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Industry dissatisfaction with the Sports Wagering Act could be part of the reason why the Illinois Gaming Board (IGB) is seeking public comment before creating rules.
Tom Swoik, executive director of the Illinois Casino Gaming Association (ICGA), tells Legal Sports Report that the comment period might not be necessary if the legislature had given the IGB a better blueprint on the new bill.
“I believe some of the legislators have egg on their faces to push this through so quickly,” Swoik said. “I think the whole legislative process is going to be looked at because this thing went through so fast at the end that there were things that could have been done and cleaned up that would have alleviated some of these difficulties.”
Swoik added that a comment period before making rules is unusual. The 30-day comment period closes Sept. 27. The IGB indicated it would post comments on its website in a timely manner.
Marcus Fruchter, the administrator of the IGB, told LSR:
“The purpose of our sports betting comment process is to afford all stakeholders – industry, the general public and others – a meaningful and equal opportunity to share with the IGB their views about proposed rules and other matters related to the implementation, regulation and administration of sports betting in Illinois.
“We will review and analyze all submissions at the end of the public comment period and, where appropriate, use the comments to inform our sports betting rules, procedures and policies.”
Swoik would still like to see the comment period lead to immediate rulemaking on Illinois sports betting, as it is falling behind other states.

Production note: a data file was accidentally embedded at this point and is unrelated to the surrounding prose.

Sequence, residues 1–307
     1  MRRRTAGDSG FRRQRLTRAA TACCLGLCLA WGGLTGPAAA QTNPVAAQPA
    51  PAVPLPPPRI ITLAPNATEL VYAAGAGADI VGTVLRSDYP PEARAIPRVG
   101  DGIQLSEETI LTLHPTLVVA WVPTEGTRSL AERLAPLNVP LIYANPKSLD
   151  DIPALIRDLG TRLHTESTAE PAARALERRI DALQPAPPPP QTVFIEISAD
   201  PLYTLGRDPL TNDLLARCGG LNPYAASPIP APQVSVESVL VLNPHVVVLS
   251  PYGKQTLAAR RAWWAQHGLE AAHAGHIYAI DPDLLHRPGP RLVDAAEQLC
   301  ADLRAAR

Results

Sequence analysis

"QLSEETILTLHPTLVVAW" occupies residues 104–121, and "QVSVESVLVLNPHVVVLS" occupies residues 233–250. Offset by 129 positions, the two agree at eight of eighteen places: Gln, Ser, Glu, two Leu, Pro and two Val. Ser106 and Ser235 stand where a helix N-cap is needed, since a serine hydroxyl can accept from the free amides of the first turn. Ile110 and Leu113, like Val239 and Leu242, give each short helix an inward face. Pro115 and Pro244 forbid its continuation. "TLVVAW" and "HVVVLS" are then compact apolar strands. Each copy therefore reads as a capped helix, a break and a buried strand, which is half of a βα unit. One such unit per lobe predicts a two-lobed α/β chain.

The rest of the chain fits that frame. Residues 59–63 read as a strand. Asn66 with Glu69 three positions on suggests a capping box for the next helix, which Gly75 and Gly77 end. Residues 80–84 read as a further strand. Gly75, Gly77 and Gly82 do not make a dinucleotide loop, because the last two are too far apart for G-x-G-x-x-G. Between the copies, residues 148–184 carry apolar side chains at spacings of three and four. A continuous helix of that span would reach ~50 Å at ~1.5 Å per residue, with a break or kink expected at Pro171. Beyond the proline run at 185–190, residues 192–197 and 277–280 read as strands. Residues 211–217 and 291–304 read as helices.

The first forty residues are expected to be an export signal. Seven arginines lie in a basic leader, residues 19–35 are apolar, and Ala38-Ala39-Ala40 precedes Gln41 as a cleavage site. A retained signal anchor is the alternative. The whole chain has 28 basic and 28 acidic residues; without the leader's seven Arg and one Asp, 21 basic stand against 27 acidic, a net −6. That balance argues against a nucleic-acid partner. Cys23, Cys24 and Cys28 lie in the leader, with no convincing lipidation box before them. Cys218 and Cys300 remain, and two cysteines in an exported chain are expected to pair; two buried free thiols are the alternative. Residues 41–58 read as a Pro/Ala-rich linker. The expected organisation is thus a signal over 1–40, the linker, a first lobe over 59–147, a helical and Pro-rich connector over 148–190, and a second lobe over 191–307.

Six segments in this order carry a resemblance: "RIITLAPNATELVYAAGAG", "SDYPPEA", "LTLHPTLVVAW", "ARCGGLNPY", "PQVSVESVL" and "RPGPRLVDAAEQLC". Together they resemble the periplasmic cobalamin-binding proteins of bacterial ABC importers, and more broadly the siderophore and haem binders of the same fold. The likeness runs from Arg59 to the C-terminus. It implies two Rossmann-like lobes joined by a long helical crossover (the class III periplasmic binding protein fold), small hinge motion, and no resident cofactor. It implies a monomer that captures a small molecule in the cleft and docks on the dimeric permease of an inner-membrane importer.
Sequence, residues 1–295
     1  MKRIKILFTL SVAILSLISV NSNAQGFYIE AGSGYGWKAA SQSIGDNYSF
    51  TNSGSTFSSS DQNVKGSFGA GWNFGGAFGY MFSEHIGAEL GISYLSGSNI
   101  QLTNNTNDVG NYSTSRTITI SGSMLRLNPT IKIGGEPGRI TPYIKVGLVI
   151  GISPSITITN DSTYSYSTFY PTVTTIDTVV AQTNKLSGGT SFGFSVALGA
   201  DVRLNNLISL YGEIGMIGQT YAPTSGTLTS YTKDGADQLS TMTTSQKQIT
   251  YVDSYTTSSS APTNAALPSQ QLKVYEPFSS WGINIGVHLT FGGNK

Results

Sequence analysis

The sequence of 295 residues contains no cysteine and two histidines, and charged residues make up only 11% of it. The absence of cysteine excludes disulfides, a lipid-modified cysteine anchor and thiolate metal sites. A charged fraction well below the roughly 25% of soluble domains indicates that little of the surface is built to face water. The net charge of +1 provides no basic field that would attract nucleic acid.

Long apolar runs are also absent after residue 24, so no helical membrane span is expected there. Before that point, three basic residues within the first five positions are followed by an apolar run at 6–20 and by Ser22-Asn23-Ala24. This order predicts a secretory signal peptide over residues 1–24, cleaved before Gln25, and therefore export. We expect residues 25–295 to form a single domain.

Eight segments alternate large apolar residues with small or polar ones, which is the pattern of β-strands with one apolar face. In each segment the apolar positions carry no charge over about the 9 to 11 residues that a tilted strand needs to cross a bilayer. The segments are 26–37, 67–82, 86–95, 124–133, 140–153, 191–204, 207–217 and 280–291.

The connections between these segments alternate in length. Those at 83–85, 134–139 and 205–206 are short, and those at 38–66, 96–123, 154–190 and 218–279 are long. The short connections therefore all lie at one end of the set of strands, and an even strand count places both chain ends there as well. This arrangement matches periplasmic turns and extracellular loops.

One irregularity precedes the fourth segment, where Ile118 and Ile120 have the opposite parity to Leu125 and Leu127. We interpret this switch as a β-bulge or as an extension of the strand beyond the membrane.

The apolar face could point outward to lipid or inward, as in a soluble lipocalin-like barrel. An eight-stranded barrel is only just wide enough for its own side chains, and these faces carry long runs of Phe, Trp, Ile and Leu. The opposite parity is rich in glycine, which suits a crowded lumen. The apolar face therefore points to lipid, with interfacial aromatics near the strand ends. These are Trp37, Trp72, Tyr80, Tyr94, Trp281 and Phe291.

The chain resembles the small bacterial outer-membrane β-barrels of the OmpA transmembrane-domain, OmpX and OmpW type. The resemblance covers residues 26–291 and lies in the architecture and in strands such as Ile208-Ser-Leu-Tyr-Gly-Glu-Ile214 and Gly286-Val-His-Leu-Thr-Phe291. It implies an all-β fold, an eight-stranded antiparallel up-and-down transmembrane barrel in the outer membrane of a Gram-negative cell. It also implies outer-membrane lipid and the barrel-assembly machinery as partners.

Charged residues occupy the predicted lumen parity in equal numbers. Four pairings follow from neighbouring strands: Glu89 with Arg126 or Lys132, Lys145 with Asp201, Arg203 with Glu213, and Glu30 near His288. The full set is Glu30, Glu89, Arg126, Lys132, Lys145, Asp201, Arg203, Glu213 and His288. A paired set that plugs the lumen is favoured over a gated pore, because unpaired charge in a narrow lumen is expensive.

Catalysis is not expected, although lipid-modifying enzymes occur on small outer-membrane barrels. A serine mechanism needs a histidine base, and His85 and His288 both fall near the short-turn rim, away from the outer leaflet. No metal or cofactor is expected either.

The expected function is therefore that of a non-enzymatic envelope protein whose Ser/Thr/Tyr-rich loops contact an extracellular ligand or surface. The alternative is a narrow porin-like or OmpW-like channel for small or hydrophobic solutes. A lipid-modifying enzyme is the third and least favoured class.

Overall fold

“We’d certainly like to see it happen quickly, by the end of the year,” Swoik said. “There’s still a lot to get done.”
He expects the casino association’s comments to include asking for clarifications on reporting monthly earnings, and the dynamics and timing of taxing.
“Indiana and Iowa have already got their rules passed and are operating,” Swoik said. “I’m going to suggest that there’s a lot of new rules out there that already are fairly decent so we don’t necessarily need to recreate the wheel. We’re going to be able to use parts of those.”
Swoik pointed out that those states don’t have a requirement to use official league data, so those rules will need to be developed from scratch.
Swoik and the ICGA have many problems with the Illinois sports betting bill and the overall Illinois gambling expansion package as a whole. However, few of those concerns can be fixed by the gaming board.
“I think it’s an opportunity to address some of the issues, but the things we were most nonsupportive of can’t be changed through the rule process,” Swoik said. “Things like the tax structure and licensing fees – those kinds of things aren’t going to be able to get changed by the rules.”
Swoik sees another reason for the delay of IL sports betting: The cost for sports betting licenses will limit the number of takers.
“I firmly believe they’re not going to get rid of all the sports wagering licenses at $10 million,” Swoik said.
Rep. Bob Rita, who led the efforts to get the bill passed at the end of the session, said he’s interested to hear what the industry feedback will be.
“I think what they’re doing is part of a process. It just gives another layer of openness and transparency as we move forward to role this out. In terms of implementing rules, the gaming board has some leeway. If people want any structural changes or changes to the intent of the law, it will have to go back to the legislature.”